Denver school, special needs facility remain closed due to hail damage

Monday's hail storm is not only affecting drivers and homeowners. Hundreds of children and adults with developmental disabilities - aren't getting the services they need.

KUSA - A Denver public school as well as a special needs facility remained closed Tuesday due to hail damage.

Beach Court Elementary in Chaffee Park lost nearly 100 windows from lime-sized hail that fell in Northwest Denver Monday afternoon.

In some cases,the putty that holds the school’s glass in place was dislodged, which leads to potential asbestos exposure for students and teachers.

The storm hit after the school day ended, but in a statement, DPS says it quarantined the area, not letting students and faculty near the broken window seals.

The school did not said if any students were exposed to asbestos after the storm hit.

"While members of the DPS Facilities team worked to assess the damage, they noticed, in some of the rooms, the glass just broke,"  DPS spokeswoman Alex Renteria said. "In other rooms, the hail caused the glass to completely dislodge from the putty which holds the glass in place and keeps out the weather, 'glazing,' causing the glazing to crack.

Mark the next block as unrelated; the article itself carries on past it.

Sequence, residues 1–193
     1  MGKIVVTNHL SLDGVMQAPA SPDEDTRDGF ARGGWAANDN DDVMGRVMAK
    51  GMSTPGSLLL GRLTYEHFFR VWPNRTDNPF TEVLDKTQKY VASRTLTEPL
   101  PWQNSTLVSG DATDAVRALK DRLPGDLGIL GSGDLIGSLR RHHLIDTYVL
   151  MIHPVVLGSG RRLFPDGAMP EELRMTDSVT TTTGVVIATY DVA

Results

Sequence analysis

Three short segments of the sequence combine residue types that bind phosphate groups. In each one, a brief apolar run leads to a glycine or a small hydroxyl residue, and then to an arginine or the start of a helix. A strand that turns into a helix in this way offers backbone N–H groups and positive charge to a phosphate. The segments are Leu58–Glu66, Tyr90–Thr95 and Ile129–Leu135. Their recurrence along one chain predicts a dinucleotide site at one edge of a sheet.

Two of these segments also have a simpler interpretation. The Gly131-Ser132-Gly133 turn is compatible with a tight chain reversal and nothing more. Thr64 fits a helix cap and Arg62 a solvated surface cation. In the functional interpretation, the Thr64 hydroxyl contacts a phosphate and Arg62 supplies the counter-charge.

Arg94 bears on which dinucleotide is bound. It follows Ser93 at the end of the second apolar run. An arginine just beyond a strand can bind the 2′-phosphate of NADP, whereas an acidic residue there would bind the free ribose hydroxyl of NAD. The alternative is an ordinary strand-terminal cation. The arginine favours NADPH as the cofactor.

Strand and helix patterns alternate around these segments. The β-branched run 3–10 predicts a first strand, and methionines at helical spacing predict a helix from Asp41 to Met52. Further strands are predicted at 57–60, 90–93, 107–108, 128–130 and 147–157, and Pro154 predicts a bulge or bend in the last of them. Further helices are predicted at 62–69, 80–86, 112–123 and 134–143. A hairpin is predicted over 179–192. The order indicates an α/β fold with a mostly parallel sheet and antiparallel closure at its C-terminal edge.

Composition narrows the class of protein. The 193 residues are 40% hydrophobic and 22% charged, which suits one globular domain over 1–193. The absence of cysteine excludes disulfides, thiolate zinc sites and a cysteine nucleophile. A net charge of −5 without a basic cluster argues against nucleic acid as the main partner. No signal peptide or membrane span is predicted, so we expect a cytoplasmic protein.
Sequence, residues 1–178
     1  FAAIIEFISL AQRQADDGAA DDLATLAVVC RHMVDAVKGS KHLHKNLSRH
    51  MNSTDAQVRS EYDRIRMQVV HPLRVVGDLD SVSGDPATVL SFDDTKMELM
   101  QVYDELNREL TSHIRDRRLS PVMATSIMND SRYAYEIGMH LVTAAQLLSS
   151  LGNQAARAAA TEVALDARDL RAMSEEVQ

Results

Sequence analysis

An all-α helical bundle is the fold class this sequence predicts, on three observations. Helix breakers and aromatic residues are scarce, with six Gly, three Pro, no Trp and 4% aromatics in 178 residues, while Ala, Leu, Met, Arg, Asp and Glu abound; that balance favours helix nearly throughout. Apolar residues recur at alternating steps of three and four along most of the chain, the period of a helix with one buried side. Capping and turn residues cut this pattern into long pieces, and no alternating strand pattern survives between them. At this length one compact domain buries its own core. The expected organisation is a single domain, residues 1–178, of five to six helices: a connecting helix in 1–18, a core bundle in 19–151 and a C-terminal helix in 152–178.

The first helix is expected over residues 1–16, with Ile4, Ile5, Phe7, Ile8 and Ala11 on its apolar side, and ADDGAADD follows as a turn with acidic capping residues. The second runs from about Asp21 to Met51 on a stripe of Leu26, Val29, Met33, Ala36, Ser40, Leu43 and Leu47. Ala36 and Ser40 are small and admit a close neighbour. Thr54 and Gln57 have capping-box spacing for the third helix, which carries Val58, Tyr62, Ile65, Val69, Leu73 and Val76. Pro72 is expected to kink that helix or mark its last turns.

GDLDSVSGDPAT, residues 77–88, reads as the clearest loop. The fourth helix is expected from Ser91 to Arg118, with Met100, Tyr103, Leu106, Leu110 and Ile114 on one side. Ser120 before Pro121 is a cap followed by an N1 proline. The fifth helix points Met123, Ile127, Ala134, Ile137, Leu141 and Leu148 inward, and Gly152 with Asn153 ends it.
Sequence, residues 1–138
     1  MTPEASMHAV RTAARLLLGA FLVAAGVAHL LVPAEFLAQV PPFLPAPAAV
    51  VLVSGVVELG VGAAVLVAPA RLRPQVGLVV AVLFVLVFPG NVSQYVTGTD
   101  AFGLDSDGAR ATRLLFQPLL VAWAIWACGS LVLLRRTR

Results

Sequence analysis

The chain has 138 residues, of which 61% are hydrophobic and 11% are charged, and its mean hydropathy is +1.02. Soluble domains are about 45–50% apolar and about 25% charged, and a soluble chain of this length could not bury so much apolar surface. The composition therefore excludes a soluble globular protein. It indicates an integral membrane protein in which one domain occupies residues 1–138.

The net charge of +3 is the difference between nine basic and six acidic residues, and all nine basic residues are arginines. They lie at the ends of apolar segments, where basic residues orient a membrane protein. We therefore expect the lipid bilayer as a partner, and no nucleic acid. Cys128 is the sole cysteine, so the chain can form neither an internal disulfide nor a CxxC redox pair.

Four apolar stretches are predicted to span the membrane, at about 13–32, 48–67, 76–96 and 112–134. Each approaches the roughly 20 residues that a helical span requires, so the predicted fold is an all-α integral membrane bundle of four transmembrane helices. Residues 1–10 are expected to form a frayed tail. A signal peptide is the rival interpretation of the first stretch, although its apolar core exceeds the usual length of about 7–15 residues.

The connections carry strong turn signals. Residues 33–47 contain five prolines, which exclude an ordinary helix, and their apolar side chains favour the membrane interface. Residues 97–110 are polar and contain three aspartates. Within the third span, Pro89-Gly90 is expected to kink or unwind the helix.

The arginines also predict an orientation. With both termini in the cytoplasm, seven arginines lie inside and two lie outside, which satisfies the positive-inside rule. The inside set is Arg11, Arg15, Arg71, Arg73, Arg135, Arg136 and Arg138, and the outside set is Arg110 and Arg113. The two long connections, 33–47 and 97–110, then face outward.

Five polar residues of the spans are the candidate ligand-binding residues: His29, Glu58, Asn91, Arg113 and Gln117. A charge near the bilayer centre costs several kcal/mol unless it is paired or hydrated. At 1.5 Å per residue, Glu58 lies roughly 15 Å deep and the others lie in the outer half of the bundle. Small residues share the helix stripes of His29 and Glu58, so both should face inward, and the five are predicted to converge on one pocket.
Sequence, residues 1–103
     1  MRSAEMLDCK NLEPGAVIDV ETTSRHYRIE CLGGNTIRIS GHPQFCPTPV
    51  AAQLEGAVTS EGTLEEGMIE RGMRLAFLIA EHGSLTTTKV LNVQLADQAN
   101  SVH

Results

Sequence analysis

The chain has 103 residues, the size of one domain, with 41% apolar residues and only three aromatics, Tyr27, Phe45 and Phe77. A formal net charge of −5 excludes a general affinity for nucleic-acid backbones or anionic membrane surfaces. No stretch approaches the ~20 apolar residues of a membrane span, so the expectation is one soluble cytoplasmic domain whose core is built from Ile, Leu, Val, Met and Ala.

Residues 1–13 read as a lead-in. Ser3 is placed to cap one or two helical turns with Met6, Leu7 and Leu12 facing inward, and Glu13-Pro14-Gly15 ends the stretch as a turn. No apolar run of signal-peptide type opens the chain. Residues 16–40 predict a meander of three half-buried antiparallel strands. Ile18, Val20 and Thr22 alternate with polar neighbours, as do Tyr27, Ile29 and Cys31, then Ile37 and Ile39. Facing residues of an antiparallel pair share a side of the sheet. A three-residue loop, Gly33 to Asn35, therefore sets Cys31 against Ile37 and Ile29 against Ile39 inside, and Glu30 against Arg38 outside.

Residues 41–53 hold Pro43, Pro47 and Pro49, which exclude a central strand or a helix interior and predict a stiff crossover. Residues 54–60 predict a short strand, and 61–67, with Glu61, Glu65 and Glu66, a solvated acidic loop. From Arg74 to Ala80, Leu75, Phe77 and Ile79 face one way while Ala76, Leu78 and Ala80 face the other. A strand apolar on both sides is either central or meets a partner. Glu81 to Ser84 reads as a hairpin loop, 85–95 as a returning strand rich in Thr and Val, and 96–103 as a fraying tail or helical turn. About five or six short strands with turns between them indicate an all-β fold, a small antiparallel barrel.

The Laradon Society for Exceptional Children and Adults in Globeville also stayed closed Tuesday.

The school offers speech and team-building courses, but had to cancel classes for the rest of the week after they reported between $2 million and $3 million worth of hail damage.

Ninety skylights shattered, allowing hail to rain down into classrooms and cause minor flooding.

The nonprofit says all 17 of its buildings have some sort of damage such as broken windows, siding and roofs.

“I'm still stunned at the magnitude of the damage,” president and CEO Doug McNeill said. “It almost looks like a hurricane or tornado came through here. It's been a little hard to process, but the great thing about Laradon is that our staff and teams just came together. We all pitched in.”

The center says insurance will pick up most of the damage costs.

It estimates it will take five months to fully repair all damages.

© 2017 KUSA-TV


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